Love Your Kids Enough To...
Two weeks ago we talked about embracing the awkward when it comes to discipling your kids, especially if they’re older and you’ve never done it before. Last week we talked about having spiritual conversations and using teachable moments. Those things can at times feel awkward enough, but this week we want to really embrace it—and I think this a must. As a parent, you need to love your kids enough to…
Read the Bible and pray with them. In some circles this is called family worship. Read the Bible, pray, and sing (if you’re really brave) together. I can hear the pushback in my mind right now. I know your life is busy. I know it may feel really awkward. I know you may not even feel equipped to read the Bible with them, but let me help you and hopefully put some of your concerns to rest.
Before I begin let me say that God has given us Scripture and prayer as gifts. In Scripture we hear from God and in prayer we speak to God. It’s a conversation. What a privilege it is to get to lead our children to the Lord by hearing from Him together through His Word and talking to Him together in prayer. When we frame it that way, I think it sounds a lot better. We know God’s Word is powerful. When we think that before Christ, people had to go through a priest to have access to God then we realize prayer is an honor. We need to teach this to our children.
First, you need to find a time that works for you. I realize that with teens, evenings are busy and inconsistent. But maybe you can carve out time at the breakfast table together. Maybe you can listen to the Bible together on the school commute. This should be (mostly) daily so you’ve got to think of a time that can work for your family. Building a routine is important. We find ways to carve out time for other things. Should we not make extra effort to find time to lead our family to the Lord?
Second, this doesn’t have to be really long. For some reason we can tend to think that longer equals more spiritual, but that isn’t always the case. We desire quality over quantity. You can read a chapter in the book of the Bible or you can read a couple of paragraphs. Your prayers don’t have to be long and drawn out. I encourage singing, but you can keep it to one song together. Longer doesn’t equal better. Sometimes it equals boring. I’d much rather see parents lead their families to Jesus and have meaningful, quality time than see them drag through an extended amount of time that makes everyone dread the next one. Start small and if you like it, it will naturally get longer.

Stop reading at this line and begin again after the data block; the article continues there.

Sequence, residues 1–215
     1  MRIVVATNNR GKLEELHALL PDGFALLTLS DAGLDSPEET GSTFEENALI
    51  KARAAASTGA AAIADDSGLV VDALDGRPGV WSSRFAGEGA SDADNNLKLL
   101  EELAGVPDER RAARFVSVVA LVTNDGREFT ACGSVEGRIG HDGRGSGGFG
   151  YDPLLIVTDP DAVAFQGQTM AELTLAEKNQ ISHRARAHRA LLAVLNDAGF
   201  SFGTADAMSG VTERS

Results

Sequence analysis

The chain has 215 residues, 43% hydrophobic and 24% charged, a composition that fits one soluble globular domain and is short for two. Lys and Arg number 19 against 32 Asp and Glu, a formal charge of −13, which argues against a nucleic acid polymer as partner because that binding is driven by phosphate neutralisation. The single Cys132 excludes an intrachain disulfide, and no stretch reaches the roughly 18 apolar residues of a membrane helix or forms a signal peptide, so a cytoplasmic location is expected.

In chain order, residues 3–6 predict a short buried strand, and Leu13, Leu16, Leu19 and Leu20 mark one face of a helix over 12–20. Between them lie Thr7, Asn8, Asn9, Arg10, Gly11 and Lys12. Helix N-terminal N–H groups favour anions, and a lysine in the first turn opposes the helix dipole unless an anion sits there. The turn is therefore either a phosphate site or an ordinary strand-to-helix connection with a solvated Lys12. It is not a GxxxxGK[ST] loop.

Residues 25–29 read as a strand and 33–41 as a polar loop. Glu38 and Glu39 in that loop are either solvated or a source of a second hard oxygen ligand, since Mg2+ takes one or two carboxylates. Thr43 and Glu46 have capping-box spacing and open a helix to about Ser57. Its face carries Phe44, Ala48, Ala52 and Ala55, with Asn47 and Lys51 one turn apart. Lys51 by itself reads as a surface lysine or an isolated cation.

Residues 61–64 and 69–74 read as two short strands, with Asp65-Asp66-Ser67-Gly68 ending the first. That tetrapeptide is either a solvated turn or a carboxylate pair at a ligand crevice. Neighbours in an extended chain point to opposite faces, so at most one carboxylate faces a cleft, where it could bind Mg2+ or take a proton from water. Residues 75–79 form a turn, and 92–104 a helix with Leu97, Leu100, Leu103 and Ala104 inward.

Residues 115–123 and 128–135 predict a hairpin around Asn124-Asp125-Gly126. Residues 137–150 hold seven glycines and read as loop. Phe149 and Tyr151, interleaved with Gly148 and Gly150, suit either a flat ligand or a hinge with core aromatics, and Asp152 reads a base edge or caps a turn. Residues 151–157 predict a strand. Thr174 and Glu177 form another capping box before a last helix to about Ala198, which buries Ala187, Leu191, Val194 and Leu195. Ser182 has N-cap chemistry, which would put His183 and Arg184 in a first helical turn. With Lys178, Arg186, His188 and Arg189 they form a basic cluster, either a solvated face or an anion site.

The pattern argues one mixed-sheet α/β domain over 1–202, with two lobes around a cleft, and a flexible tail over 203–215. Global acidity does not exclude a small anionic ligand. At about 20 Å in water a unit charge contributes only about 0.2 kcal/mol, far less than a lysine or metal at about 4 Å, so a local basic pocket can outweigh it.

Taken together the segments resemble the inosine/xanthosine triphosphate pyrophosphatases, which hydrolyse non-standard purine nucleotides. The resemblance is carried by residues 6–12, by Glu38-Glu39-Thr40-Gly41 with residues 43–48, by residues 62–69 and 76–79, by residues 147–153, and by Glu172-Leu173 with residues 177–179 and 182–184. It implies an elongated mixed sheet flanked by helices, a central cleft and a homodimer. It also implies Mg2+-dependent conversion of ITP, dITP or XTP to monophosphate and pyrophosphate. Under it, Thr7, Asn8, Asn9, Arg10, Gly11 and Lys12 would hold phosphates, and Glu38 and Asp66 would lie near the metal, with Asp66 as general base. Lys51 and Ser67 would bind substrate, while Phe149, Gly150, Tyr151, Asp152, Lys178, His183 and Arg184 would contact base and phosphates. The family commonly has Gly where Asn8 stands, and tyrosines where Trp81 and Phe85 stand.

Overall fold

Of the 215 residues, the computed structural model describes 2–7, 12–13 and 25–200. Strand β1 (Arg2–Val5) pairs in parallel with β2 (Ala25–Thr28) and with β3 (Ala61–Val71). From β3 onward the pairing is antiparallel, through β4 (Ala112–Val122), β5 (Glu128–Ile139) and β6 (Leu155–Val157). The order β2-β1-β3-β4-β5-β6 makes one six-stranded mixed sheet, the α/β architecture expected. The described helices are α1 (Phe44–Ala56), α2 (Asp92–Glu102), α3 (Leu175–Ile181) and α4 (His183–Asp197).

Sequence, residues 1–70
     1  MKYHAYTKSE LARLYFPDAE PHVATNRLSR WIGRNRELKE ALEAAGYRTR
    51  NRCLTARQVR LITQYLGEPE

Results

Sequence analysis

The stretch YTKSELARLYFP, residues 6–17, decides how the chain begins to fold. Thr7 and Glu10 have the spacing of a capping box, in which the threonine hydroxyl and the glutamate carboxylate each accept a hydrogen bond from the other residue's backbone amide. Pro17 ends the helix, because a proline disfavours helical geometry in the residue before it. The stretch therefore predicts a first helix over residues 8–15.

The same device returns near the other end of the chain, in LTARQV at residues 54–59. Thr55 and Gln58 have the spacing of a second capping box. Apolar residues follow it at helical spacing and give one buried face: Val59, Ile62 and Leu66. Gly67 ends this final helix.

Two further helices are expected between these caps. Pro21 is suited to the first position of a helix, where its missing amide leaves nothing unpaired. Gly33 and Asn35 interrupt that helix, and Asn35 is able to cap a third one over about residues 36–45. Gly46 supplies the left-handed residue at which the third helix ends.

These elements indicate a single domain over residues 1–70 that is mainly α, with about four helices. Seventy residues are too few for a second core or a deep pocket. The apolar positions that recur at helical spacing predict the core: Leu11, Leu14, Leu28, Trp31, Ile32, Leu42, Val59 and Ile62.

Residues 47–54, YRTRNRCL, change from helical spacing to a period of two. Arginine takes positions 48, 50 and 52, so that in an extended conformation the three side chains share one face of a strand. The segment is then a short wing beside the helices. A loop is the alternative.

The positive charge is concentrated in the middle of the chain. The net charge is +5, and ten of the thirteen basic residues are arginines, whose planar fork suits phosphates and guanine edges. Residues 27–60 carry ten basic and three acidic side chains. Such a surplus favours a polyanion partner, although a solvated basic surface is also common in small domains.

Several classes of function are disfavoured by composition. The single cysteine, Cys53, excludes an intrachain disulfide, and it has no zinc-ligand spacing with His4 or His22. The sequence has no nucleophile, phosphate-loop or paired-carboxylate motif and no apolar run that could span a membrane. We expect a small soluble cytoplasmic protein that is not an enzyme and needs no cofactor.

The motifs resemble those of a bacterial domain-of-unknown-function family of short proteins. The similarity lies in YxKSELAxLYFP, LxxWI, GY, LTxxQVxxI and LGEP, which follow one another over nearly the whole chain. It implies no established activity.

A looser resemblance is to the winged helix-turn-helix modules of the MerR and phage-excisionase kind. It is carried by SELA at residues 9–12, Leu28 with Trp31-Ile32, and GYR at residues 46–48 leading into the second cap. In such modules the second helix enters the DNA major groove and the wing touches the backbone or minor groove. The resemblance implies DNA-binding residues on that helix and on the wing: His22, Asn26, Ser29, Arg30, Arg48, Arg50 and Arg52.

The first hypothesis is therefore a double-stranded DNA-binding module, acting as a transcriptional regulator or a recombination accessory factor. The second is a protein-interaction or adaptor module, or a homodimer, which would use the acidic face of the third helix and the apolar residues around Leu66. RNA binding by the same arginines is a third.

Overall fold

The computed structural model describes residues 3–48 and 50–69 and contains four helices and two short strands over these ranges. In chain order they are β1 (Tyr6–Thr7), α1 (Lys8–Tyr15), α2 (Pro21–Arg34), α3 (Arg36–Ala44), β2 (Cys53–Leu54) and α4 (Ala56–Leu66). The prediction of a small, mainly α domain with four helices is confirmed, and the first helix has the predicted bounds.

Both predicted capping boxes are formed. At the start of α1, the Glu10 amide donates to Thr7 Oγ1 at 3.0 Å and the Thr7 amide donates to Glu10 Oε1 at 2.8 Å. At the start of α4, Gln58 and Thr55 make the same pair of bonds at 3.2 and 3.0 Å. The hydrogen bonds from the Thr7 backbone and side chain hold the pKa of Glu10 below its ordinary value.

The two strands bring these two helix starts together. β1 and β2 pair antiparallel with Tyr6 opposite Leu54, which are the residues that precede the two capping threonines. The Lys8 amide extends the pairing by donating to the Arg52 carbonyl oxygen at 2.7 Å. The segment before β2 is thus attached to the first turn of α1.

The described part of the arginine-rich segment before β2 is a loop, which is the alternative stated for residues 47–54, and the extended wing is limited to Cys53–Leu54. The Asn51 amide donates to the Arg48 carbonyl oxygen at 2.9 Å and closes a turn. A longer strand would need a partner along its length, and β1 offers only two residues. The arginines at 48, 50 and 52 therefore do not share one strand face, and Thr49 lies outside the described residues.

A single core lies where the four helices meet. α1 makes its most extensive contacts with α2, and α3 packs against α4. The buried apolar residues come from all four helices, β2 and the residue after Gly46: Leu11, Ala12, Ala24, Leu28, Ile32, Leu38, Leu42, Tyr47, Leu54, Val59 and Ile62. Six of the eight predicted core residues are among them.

Third, have some resources to help you. I recommend a good study Bible like the ESV Study Bible, CSB Study Bible, or Reformation Study Bible. Having a quality study Bible will help you have insight into questions that may arise right in the Bible you’re reading from. If questions arise that you don’t have answers to and aren’t covered in the study Bible, it’s ok to say, “I don’t know, but I’ll find out and have the answer tomorrow night.” You then can ask one of your pastors and come back with an answer. The main thing is you’re leading your family.
Finally, as you continue on in this pattern you can begin to equip your children to become leaders themselves. Take turns reading the passage of Scripture. Have someone different pray each night. They will learn from you and you will learn from them. Your family will grow in discipleship and you will be fulfilling what God has commanded you to do as a parent.
Taking your children to church is part of discipleship. The church is a partner in discipling families. God has called us as parents to be the primary disciplers of our children and we will give account one day. I know it can be hard, awkward, and we certainly won’t do it perfectly. But we are doing a lot if we just begin to try. If I can help or encourage in any way then please feel free to e-mail me. Let’s partner together, love the Lord deeper, and go and make disciples of our families.
In Case You Missed the Other Parts of This Series…